If you have arrived here it is likely because you are already somebody who is conscious, afraid, and internally quite shattered. It is a common condition in these times; there is hardly a rock in the developed world which cannot be turned to find angst. The source of it can never be agreed upon, however, and in this uncertainty all the world has come to its knees in a fit of empty and hollow madness: screaming into the void your oh-so-nuanced solution as if somebody were ever going to hear it.
Many of us believe that, in fact, there is somebody hearing our every anguished groan. I will not remain mysterious in this light; I am among these people. I do ask, however: is the answer really sitting right behind us? Is our short history of spiritual fulfilment the simple answer: a return to tradition? Without the usual monotony of questioning “how far back?” and “rose-tinted glasses!”, I would like to make a quite pragmatic rebuttal to this belief – if I may.
“You learn from your mistakes”, wise men have said. I think we can all agree upon this platitude. A child clearly learns from their mistakes, or else any punishment at all for bad behavior would simply be useless cruelty. Elsewise, we’d still be defecating in chamber pots and tossing our waste onto the streets below. That is not to say that the wisdom of the past is somehow comparable to the technology and intelligence of the past. However, I would posit that we should consider ourselves lucky to live in Modernity. It is a time where one can truly observe a change unlike any other in history, perhaps in over one thousand years. In any case, one item we can agree upon is that the past three or so decades have been increasingly dreadful. People are simply not happy anymore; no amount of boomer “wisdom” can wake the doomer from his misery, and we are fighting in the streets for political control simply to try and feel effectual.
Where did we go wrong? What was the mistake of Modernity, exactly? The industrialization and then rapid deindustrialization of Labor? The Internet? Pornography? The sexually perverse? Social Justice Warriors? The institutionalization of Corporatism? End-stage Consumerism? Peace in Europe? Global American Hegemony? Zionism? The CIA? The Zionist CIA Deep-State? Capitalism as a whole? White nationalists? White replacement? Any technology invented later than the Bronze Age as a whole? Ignorance of the “Lindy Effect”? Demons? Satan himself??? GOD Himself?????
I think my point here is more than made, and while I won’t address whether any of those items are legitimate problems or not, it is because such a discussion is utterly immaterial to the real solution.
What is the largest emotional and intellectual institution that the developed world, and the West in particular, has shockingly lost within the last century? It should be quite simple. For the last eleven millenia of our human existence, humans have been decidedly religious creatures (see: Göbekli Tepe). From the point of view of scientism, at the very least Mankind must be evolved to some degree to deal with religion. Even with our long lifespans and meek footprint on the Earth’s history, eleven millenia is enough to affect such change.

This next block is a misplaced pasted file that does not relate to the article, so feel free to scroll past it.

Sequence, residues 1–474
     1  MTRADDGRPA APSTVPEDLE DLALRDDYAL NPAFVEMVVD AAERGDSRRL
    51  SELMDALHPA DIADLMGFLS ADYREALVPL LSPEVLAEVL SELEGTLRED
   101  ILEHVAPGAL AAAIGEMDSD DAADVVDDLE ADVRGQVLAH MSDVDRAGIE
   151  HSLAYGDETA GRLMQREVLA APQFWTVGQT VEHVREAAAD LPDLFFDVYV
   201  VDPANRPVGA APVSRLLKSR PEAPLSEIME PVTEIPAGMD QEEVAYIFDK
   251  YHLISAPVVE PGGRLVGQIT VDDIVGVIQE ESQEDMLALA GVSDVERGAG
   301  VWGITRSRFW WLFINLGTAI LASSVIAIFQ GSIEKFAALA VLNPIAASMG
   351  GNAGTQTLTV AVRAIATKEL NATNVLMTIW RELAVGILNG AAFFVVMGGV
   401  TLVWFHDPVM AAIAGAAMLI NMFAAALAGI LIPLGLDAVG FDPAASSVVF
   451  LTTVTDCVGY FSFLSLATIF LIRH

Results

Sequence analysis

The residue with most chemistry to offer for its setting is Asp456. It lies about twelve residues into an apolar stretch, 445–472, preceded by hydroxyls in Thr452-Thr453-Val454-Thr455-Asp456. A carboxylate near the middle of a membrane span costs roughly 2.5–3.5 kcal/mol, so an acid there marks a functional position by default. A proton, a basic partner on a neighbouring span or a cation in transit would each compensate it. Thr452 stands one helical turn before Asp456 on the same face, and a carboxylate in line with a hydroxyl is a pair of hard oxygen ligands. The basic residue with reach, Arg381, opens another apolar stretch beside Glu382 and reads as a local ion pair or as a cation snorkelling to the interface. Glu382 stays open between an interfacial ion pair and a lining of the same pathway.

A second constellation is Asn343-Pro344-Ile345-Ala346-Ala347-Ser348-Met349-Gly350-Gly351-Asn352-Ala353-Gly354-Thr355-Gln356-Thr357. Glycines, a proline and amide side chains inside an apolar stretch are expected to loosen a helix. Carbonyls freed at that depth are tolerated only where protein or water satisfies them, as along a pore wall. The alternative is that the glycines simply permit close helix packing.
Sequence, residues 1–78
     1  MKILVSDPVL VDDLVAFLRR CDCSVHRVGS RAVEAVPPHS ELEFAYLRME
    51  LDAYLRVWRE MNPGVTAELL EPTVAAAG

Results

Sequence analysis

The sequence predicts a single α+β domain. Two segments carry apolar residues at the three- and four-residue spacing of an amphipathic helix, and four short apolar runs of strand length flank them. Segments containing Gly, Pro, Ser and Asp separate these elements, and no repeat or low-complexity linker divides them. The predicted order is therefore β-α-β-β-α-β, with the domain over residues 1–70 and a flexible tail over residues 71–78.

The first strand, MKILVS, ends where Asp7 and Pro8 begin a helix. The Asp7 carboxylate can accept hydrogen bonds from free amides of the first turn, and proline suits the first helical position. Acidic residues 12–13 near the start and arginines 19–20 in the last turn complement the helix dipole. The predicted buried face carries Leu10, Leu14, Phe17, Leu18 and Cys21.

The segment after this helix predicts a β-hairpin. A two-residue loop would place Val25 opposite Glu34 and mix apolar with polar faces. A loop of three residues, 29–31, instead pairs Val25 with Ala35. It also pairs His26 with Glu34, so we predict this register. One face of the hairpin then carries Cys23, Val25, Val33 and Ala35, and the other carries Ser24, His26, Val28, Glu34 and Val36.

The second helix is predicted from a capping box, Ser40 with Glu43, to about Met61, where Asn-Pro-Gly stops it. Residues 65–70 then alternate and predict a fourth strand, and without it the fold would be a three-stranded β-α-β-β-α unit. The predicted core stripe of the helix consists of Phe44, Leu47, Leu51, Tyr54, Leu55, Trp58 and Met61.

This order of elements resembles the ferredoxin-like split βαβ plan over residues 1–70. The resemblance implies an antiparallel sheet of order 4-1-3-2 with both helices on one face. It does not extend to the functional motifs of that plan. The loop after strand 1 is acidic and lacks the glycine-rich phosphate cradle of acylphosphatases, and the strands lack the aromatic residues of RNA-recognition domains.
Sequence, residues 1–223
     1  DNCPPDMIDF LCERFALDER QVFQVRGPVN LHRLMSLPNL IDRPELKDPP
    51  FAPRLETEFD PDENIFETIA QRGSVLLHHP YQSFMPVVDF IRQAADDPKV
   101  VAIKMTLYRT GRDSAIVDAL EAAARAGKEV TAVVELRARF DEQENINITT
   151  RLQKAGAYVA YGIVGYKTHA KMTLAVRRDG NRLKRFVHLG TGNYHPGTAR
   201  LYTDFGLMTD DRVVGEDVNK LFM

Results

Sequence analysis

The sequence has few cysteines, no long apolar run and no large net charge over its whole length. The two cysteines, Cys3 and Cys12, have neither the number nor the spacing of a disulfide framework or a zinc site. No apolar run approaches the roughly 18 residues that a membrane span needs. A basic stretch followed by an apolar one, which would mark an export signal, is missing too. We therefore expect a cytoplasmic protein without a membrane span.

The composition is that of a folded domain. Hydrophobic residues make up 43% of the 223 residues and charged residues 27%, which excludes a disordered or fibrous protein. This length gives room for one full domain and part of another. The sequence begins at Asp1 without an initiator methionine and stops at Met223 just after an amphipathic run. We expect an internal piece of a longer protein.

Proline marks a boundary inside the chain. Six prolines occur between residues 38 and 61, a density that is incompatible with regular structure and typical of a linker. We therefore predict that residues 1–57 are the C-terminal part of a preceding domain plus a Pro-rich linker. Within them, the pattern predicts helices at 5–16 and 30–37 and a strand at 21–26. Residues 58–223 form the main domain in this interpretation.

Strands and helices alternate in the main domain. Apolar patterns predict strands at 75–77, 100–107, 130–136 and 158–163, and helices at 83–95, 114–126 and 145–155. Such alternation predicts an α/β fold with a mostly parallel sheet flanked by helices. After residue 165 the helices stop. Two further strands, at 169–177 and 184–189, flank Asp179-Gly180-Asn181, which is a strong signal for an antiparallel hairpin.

We are religious creatures. We have an innate propensity to understand the divine. God is not a simple concept in rational terms, and you would think that surely if we were rational creatures, God would be terribly difficult to understand as children. Verily, this is not the case. God seemingly requires very little explanation to a young child in fact, and it is a concept that they will come to understand very early in their development.
I should make it clear: just because some religious concept is difficult to grasp as a child, it does not mean that this concept is unnatural or unreal. It is quite the opposite in fact, and in general, those religious or theological concepts that are most abstract and esoteric are the ones which hold the most truth. But, “we hold these truths to be self-evident” is always a true statement when it comes to those truths that come to children naturally. Let it be known that children are not the arbiters of truth but nevertheless an important test of it. They cannot tell us if something is necessarily true or false, but they can sometimes tell when something is true, and will never generate false positives.
Where am I going with all of this? Yes, clearly we are religious creatures. Yes, it is surely interesting that children can be such excellent learners of simple yet esoteric truths, like the existence of the divine. But to what end?
The end is this: within the last century, religion has categorically collapsed in the West and elsewhere. We are at a particularly low point now, and there is no doubt that it is one of the greatest contributors to the widespread social unrest and angst felt by us commoners. You are not meant to be, nor are you factually right to be, so apathetic towards the Divine.